I am not afraid of resin kits. I do not have too many of them finished, but there are a lot of them in my stash. I’ve built, among others, Mitsubishi A5M “Claude” from Choroszy Modelbud, and the reconnaissance Spitfire from Arma Hobby (under Attack Squadron label). Well, this Spitfire fitted like a good plastic model, it was almost ‘built by itself’ and I was shocked how the resin kit was so good.

This is probably thanks to digital design?

It is thanks to Marcin Ciepierski who designed this model. Really, it got to stick together easier than many plastic models. But I’m not afraid of resin in general.

Have some of your models needed special effort?

For example, Academy Thunderbolt cost me a lot of work, as I put all possible resin details into it. It was a project that required a lot of hard work, which is what I like about modeling. Now there is Tamiya Thunderbolt available, you can take it and build it really fast, and everything is in the box, but once I bought the Academy kit and a lot of resin details for it – I won’t throw it away. I sat down and said: I’ll stick it together. It had to be chopped, cut out, all the wheel wells, engine, and cockpit replaced with resin. And finally, I gave him Tamiya’s bazooka launchers. Sometimes I like to have fun like that.


Academy Thunderbolt work in progress thread on Britmodeller: link

And the most pleasant kit?

The best model kits are made by Tamiya. They have excellent design and fit. For example, “Zero” by Tamiya, is the most pleasant model I have put together, actually, it fits like a Lego, I just painted it. Our models, Arma Hobby, are also very nice to build, although some are easier and some a bit more difficult, for example, I have already built the Wildcat twice, it is good, but it has a complicated undercarriage.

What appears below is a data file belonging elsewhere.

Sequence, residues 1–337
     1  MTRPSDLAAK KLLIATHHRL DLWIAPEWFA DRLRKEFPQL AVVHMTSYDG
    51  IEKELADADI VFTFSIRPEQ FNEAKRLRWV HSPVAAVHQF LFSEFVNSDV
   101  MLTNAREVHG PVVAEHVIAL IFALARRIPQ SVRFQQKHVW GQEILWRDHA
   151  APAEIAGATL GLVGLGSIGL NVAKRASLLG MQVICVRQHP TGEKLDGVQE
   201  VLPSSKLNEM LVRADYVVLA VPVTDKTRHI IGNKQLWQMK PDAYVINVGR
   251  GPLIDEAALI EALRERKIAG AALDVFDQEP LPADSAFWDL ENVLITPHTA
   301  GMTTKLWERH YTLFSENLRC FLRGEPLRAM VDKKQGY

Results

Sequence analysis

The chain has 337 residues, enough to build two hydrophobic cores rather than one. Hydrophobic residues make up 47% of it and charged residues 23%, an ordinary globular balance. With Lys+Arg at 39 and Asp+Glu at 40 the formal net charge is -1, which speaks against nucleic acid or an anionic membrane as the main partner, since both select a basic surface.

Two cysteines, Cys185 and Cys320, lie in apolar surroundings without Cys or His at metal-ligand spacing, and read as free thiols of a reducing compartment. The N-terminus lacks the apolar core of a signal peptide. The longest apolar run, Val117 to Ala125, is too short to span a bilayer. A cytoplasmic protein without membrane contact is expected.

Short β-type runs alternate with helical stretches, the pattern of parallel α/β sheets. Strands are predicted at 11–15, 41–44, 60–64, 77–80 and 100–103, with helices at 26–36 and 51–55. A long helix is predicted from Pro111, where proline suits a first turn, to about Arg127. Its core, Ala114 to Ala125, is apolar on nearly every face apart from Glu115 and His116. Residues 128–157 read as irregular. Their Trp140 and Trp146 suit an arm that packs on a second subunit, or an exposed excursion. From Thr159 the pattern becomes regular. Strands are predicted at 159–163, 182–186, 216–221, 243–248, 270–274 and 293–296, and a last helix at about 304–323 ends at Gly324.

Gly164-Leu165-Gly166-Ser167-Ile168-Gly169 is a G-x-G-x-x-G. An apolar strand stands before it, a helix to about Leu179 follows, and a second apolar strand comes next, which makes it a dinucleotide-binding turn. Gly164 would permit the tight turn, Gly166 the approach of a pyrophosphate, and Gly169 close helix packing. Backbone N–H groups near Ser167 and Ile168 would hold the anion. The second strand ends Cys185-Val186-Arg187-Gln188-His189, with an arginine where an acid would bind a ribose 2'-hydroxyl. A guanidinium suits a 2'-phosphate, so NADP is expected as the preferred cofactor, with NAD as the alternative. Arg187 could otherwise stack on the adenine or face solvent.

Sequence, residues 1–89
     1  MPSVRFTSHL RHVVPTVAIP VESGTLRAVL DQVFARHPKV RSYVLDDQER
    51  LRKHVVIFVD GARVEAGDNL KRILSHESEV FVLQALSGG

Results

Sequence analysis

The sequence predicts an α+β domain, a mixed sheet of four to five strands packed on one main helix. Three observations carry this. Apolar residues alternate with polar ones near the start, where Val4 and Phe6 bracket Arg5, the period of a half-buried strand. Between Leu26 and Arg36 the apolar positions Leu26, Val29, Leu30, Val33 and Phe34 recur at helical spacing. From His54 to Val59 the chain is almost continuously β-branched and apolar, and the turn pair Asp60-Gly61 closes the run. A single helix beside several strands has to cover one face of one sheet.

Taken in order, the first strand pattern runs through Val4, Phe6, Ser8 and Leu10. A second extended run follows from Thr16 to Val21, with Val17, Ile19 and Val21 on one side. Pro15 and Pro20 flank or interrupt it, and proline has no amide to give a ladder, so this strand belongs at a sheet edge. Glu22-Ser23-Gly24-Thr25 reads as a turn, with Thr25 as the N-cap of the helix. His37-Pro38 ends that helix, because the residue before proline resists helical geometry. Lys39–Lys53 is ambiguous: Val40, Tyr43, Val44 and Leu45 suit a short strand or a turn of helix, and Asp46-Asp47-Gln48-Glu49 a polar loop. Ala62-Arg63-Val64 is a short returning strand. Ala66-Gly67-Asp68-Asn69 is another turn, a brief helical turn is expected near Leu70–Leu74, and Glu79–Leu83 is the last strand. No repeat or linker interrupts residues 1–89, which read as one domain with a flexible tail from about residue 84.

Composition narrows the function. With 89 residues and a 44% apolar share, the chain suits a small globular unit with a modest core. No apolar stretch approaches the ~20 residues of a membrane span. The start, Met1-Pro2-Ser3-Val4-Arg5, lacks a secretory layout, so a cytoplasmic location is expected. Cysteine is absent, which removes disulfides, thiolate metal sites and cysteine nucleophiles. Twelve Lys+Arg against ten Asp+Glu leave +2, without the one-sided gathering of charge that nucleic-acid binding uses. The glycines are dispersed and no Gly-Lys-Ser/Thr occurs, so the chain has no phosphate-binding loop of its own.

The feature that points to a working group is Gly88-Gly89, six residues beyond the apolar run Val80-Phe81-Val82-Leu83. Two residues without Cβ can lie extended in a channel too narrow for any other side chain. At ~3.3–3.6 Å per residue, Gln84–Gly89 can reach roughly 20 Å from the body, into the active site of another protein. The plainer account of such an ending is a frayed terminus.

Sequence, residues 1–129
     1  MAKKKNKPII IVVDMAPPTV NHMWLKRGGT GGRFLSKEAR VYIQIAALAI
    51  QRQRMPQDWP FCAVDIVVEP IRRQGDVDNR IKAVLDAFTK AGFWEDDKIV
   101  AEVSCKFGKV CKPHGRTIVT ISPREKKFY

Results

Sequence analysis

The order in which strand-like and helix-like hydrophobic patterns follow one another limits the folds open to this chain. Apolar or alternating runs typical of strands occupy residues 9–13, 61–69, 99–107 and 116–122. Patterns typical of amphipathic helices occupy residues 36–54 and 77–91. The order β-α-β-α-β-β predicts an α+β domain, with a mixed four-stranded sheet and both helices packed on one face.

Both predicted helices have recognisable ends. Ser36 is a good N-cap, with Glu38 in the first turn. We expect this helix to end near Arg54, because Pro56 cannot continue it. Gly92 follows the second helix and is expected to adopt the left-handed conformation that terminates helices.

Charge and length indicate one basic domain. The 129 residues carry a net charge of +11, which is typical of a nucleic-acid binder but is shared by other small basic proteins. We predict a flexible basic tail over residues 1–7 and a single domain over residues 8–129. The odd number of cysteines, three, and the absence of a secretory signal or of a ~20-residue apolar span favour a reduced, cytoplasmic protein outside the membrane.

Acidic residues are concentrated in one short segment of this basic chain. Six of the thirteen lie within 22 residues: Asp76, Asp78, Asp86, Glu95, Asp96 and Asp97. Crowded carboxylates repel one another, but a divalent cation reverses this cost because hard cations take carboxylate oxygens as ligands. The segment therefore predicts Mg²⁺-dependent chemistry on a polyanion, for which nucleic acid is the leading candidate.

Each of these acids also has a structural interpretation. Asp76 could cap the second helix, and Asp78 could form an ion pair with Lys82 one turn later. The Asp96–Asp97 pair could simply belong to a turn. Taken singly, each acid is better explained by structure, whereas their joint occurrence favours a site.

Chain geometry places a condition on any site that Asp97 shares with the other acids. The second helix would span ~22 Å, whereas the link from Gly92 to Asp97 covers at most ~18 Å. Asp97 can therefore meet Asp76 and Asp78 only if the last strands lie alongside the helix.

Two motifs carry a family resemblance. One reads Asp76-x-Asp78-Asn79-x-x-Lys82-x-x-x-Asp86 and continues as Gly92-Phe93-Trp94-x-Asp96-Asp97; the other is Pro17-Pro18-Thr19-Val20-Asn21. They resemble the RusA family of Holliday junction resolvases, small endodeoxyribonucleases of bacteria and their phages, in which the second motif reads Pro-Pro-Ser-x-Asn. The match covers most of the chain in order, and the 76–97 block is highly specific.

F4F-4 Wildcat® Expert Set – Gallery – Zbyszek Malicki

Wildcat Mk VI SEAC – Gallery – Zbyszek Malicki

The Arma Mustang is also very nice, although I chose the variant with a dorsal fin in which you have to cut off a piece of plastic, it is a bit more difficult.

P-51 C Mustang – Gallery – Zbyszek Malicki

And the Arma Hurricane Mk.IIc was easy and pleasant, like Tamiya.

What are you doing at Arma Hobby?

I’m a desktop publisher, I’ve been working in magazines and newspapers for many years. And somehow it turned out that I met Marcin Ciepierski, co-owner of Arma Hobby, he comes for meetings of our IPMS Warsaw group, I knew Arma, I knew what was going on there because Marcin was telling us about it. At one point I offered to draw something for them and they wanted to try. So I started drawing the colour profiles for the kit instructions, not the whole instructions, but the colour camouflage and marking schemes, I think it was Hurricane I. But that was just an assignment. And then I have ended some regular work, I was available and Marcin and Wojtek decided to invite me. Now I do for Arma Hobby everything that can be printed on paper. In 2D. Instructions, colour profiles for instructions and the website, advertisements, boxes – while the box is not my design, I put it all together, basing on the graphic design which is the same for each kit box, I assemble it with boxart painted by another artist, I also design decals. And if necessary, I make a camouflage and markings research. Especially with Hayate, because I’m interested in Japanese aviation, I got that to do. Sometimes I suggest some more unusual painting schemes, for example a limited edition kit with training and test Wildcats, one of them was even yellow, was my original project (link).

And Hayate – did you work with Jarek Jaworski?